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Christian Düben

Doctoral Candidate and Research Associate

Chair of Macroeconomics

Economics Department

Hamburg University

I am an economist conducting research in development economics, urban economics, regional economics, economic geography, economic history and related fields. The covered topics range from the shape of city size distributions to the origins of the Chinese urban landscape, the economics of African transport infrastructure investments and the link between seasonal iceberg drift, transatlantic cotton trade and regional inequality. All of these papers evolve around geo-spatial data and often bring me in touch with the literature of other, non-economic disciplines. I venture into remote sensing, geography, machine learning and sometimes spend weeks reading history books. My research feels like an adventure to me that allows me to explore whatever I am interested in, gather knowledge, come up with new questions and contribute to the literature.

After obtaining a master's degree in International Economics and Public Policy from the Johannes Gutenberg University Mainz and acquiring a strong background in applied microeconometrics I joined the Chair of Macroeconomics at Hamburg University in September 2017. Since then I have been working in close cooperation with my supervisor and coauthor Melanie Krause. My employment is tied to and funded by a research project called Shining (New) Light on Regional Inequality, Convergence and Development - a joint initiative of development economists from Brunswick, Hamburg and Hannover. Apart from the internal exchange among collaborators, our project organizes an annual Workshop on GeoData in Economics.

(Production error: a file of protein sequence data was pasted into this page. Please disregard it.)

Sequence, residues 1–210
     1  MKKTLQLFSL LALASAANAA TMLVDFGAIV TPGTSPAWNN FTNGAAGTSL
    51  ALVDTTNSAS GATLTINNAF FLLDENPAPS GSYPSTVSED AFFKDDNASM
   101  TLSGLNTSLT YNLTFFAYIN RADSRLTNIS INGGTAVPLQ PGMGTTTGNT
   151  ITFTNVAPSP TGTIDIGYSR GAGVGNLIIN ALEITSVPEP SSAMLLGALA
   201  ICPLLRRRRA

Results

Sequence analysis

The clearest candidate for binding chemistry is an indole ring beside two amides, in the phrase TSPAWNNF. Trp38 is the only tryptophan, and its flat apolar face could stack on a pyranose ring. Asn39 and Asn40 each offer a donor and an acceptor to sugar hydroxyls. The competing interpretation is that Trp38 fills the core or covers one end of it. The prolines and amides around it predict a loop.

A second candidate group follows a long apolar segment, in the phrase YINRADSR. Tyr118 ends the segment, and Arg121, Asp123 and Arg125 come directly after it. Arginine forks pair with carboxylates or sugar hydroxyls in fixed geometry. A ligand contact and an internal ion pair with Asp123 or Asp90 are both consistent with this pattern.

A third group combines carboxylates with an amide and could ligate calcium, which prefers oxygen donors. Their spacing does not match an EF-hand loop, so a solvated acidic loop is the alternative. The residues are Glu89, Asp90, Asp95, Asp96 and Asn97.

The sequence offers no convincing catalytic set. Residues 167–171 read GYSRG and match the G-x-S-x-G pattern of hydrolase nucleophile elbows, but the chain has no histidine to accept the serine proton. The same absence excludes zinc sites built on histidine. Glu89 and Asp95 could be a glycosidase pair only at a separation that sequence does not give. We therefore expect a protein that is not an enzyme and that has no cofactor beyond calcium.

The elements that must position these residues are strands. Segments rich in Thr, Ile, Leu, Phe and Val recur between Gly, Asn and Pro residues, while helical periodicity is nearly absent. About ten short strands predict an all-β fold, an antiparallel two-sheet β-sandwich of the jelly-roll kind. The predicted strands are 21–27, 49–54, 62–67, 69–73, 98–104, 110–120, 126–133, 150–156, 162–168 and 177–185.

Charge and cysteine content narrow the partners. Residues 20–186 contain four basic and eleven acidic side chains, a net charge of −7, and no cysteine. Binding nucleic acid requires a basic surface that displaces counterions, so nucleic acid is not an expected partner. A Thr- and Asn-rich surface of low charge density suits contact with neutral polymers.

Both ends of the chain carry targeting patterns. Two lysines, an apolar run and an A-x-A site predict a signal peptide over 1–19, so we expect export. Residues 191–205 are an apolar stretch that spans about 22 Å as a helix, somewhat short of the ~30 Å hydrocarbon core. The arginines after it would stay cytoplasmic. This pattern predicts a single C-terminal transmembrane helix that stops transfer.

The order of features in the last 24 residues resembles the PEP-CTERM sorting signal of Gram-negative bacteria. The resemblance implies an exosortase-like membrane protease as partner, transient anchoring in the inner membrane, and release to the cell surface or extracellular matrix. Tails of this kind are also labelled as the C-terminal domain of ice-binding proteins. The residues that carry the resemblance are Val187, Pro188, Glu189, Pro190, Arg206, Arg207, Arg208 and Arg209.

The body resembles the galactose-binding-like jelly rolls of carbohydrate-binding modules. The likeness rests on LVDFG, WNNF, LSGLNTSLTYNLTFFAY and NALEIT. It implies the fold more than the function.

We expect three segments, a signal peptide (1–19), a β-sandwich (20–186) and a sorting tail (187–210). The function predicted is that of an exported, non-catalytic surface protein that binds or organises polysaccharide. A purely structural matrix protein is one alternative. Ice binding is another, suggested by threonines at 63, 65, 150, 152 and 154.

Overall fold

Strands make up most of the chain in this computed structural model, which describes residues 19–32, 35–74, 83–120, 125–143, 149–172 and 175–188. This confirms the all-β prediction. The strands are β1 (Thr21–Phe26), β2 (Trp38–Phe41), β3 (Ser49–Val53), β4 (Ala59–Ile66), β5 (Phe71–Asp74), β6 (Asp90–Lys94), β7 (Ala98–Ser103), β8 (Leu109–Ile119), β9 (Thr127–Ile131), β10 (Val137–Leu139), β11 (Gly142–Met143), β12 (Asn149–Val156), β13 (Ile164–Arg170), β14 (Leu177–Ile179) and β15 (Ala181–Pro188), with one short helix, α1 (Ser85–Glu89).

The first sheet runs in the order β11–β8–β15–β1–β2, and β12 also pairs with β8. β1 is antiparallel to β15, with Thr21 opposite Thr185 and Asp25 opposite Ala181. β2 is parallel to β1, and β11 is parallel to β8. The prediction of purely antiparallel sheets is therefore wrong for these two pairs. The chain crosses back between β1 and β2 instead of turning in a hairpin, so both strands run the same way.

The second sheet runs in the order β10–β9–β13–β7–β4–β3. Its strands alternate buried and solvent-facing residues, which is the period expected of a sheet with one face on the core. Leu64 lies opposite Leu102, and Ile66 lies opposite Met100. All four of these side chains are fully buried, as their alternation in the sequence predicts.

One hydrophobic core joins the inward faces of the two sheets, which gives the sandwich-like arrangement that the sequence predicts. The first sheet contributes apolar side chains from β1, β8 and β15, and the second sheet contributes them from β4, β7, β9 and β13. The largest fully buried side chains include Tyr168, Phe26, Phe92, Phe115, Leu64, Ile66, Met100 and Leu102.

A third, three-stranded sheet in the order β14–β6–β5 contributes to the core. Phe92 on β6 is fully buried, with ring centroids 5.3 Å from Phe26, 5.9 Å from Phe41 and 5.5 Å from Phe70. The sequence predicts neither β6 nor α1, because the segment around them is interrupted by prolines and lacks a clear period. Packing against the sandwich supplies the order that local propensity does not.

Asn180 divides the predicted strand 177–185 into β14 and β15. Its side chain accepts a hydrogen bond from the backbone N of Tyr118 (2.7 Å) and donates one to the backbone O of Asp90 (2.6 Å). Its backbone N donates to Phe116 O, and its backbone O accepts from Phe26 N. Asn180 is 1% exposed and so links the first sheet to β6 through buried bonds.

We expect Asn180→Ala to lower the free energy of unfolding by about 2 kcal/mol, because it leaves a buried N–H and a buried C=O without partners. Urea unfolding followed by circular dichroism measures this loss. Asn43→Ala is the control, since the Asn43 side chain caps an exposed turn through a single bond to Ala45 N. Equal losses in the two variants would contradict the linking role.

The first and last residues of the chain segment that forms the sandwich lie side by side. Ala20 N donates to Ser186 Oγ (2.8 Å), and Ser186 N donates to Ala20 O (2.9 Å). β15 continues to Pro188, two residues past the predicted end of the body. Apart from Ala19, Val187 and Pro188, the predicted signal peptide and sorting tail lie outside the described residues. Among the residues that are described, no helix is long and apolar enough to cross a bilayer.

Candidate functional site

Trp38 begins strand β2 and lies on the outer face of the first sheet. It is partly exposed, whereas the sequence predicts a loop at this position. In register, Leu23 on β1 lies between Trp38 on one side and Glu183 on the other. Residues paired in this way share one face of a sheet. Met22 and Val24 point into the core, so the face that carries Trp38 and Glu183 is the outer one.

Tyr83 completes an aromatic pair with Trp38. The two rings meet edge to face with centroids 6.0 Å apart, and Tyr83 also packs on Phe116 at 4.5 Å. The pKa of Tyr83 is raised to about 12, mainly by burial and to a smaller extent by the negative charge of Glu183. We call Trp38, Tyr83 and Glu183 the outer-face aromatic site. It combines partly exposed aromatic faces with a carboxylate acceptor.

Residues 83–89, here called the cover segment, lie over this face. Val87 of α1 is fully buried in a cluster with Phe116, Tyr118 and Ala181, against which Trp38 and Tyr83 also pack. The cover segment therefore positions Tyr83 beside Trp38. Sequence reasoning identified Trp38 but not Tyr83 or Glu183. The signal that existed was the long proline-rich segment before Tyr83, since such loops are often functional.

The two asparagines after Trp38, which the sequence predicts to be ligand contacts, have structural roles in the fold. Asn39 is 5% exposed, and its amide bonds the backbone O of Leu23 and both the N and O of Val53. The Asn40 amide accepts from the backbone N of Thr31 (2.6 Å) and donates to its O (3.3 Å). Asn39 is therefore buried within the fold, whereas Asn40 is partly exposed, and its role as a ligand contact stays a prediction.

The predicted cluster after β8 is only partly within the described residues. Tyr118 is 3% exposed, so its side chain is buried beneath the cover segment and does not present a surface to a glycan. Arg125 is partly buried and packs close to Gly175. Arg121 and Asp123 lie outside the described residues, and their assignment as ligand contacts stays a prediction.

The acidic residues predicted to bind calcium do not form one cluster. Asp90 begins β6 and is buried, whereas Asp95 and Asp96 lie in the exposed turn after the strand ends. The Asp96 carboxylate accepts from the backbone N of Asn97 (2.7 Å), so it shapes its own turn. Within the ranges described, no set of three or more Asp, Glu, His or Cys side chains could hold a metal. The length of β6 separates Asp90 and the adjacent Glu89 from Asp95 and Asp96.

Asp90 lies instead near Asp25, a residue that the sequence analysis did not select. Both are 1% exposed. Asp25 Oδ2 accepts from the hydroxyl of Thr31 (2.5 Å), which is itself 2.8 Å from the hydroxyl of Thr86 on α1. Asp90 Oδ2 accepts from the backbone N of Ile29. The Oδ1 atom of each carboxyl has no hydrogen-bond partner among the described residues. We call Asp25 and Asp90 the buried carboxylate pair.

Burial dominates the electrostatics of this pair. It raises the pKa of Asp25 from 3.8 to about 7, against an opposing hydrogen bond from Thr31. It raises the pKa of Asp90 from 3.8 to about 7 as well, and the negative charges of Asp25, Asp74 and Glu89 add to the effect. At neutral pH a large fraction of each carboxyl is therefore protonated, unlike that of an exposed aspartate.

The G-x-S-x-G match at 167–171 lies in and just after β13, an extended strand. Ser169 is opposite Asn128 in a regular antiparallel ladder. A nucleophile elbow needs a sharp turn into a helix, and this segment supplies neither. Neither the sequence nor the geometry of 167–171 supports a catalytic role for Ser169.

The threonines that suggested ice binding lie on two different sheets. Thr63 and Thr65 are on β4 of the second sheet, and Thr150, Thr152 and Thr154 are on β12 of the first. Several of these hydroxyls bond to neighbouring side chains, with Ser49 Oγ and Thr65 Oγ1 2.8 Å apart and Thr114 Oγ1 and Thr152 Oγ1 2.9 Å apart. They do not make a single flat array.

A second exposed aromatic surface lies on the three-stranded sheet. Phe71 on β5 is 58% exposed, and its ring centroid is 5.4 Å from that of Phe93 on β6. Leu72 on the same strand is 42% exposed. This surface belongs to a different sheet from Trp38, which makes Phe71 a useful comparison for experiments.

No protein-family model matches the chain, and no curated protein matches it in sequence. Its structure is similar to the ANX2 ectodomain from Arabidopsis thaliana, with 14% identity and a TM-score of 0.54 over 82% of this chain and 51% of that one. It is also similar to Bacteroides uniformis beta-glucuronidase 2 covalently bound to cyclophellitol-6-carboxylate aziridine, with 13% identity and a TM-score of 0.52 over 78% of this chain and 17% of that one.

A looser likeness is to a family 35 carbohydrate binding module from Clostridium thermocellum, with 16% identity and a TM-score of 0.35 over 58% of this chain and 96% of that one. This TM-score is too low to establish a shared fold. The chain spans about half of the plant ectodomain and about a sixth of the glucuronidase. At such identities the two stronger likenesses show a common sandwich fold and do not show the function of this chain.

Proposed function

In connection with upcoming research projects I developed two RePEc-based web applications: CollEc and GraphEc. The former is an extension and a replacement of Thomas Krichel's CollEc RePEc service. The latter is a graphical interface to multiple RePEc services and yet to be publicly released. Over the next years, I intend to launch further programming projects within and beyond the statistical applications common in empirical economics. One example is a smartphone application collecting micro data on corruption.